Environment – Breaking down persistent substances through the power of electricity
Gas/Liquid interfacial discharge technology achieves cost reduction and energy savings
Problems with industrial wastewater
- Often contains substances that do not decompose easily such as surfactants (detergents), pesticides, pharmaceutical drugs, and dioxins.
- The cost of fully breaking down such substances is extremely high. If removed through adhesion to activated carbon, the activated carbon itself then becomes waste.
Gas/Liquid interfacial discharge technology generates OH radicals by applying an electrical discharge to the surface of water in contact with oxygen gas. OH radicals have a strong oxidizing ability that enables persistent substances to be broken down into CO2 or water (H2O) (oxidation reaction) when making contact.
The OH radicals that do not react at the interface combine to form hydrogen peroxide (H2O2), which dissolves in water. The water contains ozone created through electrical discharge. Additionally, OH radicals are generated through the reaction between ozone and hydrogen peroxide, thus enabling the decomposition of persistent substances in water.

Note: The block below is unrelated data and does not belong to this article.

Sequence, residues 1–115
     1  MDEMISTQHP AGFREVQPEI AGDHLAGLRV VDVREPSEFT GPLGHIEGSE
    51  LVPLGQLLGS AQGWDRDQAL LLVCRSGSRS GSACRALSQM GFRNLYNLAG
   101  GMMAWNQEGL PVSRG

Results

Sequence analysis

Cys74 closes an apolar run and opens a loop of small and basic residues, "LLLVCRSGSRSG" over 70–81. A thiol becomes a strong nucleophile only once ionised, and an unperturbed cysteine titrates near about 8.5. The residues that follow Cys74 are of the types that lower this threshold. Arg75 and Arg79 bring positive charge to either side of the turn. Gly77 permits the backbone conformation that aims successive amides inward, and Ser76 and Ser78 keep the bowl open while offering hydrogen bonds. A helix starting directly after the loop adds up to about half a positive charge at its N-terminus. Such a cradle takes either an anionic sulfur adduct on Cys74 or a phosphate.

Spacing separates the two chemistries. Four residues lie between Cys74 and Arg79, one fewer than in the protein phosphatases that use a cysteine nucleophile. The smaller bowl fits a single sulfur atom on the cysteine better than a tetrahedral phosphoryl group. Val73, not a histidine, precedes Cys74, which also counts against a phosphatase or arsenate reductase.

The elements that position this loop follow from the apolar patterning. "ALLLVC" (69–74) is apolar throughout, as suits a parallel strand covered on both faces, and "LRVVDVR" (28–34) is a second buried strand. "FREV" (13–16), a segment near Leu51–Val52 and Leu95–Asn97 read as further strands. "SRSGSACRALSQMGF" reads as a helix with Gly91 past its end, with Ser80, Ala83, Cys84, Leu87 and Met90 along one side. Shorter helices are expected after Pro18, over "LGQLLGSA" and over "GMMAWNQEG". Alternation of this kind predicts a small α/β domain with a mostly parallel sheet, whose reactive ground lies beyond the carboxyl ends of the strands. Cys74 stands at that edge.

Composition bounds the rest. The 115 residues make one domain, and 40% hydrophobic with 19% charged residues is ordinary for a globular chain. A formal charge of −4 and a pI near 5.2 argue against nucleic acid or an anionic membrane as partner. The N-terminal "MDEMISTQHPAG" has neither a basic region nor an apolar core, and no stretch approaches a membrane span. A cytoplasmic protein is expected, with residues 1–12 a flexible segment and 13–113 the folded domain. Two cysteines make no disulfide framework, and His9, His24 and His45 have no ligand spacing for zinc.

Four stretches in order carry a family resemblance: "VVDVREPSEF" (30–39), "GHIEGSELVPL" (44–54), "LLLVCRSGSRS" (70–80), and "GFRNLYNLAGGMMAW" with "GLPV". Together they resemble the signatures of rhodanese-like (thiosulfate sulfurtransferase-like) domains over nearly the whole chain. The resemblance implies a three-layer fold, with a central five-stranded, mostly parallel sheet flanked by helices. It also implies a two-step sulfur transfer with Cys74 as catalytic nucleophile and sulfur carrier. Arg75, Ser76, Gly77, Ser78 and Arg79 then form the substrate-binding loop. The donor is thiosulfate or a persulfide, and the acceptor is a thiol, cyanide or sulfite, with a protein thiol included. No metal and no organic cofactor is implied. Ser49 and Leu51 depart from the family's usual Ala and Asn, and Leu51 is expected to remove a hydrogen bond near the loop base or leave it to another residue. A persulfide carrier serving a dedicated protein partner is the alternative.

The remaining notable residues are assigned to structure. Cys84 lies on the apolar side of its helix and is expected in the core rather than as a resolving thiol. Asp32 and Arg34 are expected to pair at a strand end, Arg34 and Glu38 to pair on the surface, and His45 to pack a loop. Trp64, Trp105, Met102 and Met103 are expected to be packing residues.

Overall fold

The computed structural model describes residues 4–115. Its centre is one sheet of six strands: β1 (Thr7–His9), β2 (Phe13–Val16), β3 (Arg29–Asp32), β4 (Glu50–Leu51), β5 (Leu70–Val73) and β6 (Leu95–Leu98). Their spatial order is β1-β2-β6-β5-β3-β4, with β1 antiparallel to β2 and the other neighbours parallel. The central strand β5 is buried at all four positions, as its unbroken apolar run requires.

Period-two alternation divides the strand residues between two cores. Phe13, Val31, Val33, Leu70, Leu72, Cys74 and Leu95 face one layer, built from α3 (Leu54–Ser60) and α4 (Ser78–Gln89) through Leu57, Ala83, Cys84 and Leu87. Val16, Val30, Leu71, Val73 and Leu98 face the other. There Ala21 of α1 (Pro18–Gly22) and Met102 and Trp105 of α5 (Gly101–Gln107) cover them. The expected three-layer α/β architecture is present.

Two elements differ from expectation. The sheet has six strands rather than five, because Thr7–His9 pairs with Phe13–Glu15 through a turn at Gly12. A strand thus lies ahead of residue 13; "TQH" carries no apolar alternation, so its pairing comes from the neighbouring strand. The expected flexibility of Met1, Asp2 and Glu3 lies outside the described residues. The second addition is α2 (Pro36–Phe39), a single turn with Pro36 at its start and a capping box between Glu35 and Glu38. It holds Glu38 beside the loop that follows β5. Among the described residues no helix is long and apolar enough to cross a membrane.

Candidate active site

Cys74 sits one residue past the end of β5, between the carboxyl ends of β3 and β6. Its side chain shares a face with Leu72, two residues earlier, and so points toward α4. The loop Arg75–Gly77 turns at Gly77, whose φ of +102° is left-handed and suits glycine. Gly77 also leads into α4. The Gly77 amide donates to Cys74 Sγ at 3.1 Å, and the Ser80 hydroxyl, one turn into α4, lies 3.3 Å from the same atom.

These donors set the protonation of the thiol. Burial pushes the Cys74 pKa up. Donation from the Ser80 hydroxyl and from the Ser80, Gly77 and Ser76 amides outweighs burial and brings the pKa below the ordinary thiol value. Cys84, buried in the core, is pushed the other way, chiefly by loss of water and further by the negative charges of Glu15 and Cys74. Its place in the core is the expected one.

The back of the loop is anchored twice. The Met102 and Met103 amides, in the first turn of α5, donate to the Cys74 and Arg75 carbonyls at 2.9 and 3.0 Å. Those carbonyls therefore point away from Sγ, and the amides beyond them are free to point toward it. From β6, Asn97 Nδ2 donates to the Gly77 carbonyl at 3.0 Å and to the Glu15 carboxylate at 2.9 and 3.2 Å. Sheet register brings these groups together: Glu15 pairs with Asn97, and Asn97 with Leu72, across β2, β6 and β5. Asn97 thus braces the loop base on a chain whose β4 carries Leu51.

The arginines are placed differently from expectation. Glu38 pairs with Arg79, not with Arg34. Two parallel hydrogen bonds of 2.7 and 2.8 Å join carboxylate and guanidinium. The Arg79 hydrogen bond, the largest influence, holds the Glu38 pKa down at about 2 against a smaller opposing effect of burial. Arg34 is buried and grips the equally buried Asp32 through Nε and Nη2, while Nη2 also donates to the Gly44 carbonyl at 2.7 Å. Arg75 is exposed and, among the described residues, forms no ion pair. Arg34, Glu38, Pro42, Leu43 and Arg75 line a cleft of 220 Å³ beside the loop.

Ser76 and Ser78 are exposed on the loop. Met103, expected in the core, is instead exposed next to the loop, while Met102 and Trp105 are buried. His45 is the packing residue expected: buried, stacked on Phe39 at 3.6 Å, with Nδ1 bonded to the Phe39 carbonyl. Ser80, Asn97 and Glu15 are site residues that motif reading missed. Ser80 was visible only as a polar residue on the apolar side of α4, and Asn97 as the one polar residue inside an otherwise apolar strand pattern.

Compared to the conventional decomposition method combining ultraviolet rays and ozone, this method is extremely advantageous: it halves the energy required, utilizes only one-tenth of the oxygen previously required, and is inexpensive to implement. Furthermore, less waste is produced than the method of adhering persistent substances to activated carbon, etc. If gas/liquid interfacial discharge technology becomes popular in the future, there may come a time when all industrial wastewater can be recycled.